Saturday, June 2, 2012

The East Shore Of Black Pond, Headed South - Part 5

If you've been following these posts you know that my legs had become weak and I'd cut short our hike to Jenkins Mountain. We were returning to the trail head via the trail on the eastern shore of Black Pond which, I'd discovered to my chagrin, was considerably longer and hillier than that on the western shore. But that doesn't mean that I was not appreciating the gorgeous Adirondack scenery:

We were cresting a hill when off to the right I saw a huge rock jutting out into a hidden bay. The dogs ran down to investigate and I followed, though admittedly slowly:

This hidden bay or cove of Black Pond was absolutely pristine, an experience to make the heart sing even if one's legs are giving out:

The dogs, of course, trotted right down to the water's edge:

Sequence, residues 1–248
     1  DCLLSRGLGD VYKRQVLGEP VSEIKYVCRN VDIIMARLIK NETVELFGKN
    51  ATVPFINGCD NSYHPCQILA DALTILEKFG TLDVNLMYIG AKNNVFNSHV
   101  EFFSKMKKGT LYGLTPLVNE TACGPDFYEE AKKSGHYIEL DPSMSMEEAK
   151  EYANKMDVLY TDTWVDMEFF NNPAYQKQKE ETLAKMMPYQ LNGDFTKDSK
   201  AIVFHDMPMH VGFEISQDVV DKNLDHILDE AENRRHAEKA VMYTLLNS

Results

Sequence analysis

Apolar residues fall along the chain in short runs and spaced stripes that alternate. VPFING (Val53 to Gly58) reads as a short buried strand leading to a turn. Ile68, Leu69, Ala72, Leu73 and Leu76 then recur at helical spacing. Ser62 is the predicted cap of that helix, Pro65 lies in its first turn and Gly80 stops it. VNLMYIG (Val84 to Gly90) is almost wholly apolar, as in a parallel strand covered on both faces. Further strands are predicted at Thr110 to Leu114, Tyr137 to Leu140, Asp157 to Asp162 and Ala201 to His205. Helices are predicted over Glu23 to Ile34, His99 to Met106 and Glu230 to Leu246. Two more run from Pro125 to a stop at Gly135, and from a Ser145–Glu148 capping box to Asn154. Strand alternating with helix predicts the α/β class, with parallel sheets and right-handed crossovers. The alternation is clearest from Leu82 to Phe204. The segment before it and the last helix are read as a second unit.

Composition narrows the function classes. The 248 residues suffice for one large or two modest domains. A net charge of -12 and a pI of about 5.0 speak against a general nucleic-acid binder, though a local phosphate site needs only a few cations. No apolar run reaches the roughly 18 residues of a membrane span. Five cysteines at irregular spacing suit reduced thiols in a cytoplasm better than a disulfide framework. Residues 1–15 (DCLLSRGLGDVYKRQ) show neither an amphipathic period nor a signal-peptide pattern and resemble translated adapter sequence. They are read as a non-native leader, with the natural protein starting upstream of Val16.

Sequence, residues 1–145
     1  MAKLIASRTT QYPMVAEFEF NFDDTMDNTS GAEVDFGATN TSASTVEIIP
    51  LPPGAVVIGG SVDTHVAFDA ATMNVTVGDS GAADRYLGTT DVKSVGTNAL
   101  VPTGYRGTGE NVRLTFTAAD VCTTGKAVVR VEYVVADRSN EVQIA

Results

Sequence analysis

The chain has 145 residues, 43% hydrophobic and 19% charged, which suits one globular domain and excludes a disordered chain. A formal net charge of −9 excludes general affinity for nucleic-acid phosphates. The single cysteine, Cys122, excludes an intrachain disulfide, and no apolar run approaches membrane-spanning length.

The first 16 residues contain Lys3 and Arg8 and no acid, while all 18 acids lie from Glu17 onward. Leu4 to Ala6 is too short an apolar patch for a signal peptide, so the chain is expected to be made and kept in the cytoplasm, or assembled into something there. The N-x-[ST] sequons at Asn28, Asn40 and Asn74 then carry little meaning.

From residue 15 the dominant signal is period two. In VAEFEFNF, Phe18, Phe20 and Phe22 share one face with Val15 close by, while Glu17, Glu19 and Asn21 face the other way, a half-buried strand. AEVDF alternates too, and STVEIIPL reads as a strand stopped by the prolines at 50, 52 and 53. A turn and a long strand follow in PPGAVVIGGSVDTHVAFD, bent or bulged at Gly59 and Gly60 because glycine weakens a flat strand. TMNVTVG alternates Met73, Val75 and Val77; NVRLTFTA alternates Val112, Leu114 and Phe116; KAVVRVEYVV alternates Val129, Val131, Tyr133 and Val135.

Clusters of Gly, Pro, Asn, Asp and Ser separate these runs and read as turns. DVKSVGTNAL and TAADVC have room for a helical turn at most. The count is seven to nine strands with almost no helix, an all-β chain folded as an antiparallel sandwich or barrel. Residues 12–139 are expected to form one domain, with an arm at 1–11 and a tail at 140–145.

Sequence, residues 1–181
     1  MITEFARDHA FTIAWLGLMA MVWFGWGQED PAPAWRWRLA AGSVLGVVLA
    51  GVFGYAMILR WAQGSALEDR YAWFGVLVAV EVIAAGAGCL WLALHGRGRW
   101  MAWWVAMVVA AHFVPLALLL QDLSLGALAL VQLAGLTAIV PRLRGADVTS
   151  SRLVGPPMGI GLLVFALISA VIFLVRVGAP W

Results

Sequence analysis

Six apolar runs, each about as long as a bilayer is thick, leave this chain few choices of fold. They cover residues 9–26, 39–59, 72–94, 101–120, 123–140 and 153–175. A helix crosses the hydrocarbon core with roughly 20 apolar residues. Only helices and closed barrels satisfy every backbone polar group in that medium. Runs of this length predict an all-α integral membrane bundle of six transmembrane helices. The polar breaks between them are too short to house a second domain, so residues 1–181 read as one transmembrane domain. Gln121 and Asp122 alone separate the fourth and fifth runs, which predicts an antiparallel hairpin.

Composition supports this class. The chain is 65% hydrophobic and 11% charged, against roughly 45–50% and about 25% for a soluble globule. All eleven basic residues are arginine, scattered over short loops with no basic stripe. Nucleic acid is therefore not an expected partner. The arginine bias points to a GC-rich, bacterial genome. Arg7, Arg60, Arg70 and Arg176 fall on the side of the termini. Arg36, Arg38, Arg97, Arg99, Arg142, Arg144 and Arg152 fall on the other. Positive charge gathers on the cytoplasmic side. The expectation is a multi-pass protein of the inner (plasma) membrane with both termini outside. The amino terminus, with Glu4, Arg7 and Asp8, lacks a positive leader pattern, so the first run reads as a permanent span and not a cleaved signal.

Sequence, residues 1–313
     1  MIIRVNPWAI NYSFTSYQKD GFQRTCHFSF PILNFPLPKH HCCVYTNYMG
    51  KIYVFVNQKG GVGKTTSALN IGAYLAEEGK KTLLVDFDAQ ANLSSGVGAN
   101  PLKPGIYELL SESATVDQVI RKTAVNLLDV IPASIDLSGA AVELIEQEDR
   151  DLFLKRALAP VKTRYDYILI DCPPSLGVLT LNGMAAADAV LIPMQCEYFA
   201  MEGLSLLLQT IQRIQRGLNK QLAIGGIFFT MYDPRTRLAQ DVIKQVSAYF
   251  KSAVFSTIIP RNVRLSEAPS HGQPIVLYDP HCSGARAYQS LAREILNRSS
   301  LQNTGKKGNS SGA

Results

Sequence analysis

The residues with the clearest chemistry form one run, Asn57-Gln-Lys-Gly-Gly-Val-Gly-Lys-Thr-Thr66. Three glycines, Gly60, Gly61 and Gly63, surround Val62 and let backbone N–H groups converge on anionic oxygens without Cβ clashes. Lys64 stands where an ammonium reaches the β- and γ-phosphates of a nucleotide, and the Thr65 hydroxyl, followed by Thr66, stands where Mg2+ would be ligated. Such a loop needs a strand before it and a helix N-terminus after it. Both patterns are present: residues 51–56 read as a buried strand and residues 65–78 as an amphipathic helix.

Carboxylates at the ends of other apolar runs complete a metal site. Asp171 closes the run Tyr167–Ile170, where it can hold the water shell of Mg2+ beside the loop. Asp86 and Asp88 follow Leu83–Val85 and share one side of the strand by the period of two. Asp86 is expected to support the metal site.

But soon we were back on the trail:

I passed by a hillside covered with Trailing Arbutus, a plant I recognized from others' nature blogs but had never seen before in real life:

I was limping painfully and slowly back toward the parking area. I passed a young woman, probably a Paul Smiths student and the only other hiker I'd seen all day. She was heading into the woods to enjoy a sandwich amid the natural beauty. I managed to straighten up and walk almost normally until we'd passed by her, and then limped the rest of the way back to the sign out book:

I loaded the happy dogs back into the car and then got in myself. Sitting down on a padded car seat never felt so good!:

Directly across from the parking are was this sign for the St. Regis Presbyterian Church:

I drove off the road to find the church and saw this magical building, looking like something in a fairy tale. But I couldn't imagine where their membership came from unless, perhaps, from Paul Smiths College. But my legs were far too sore and weak to get out and take a closer look. I photographed it from my car and then began the journey home. Winky and Wally were waiting for us back at the farm apartment:

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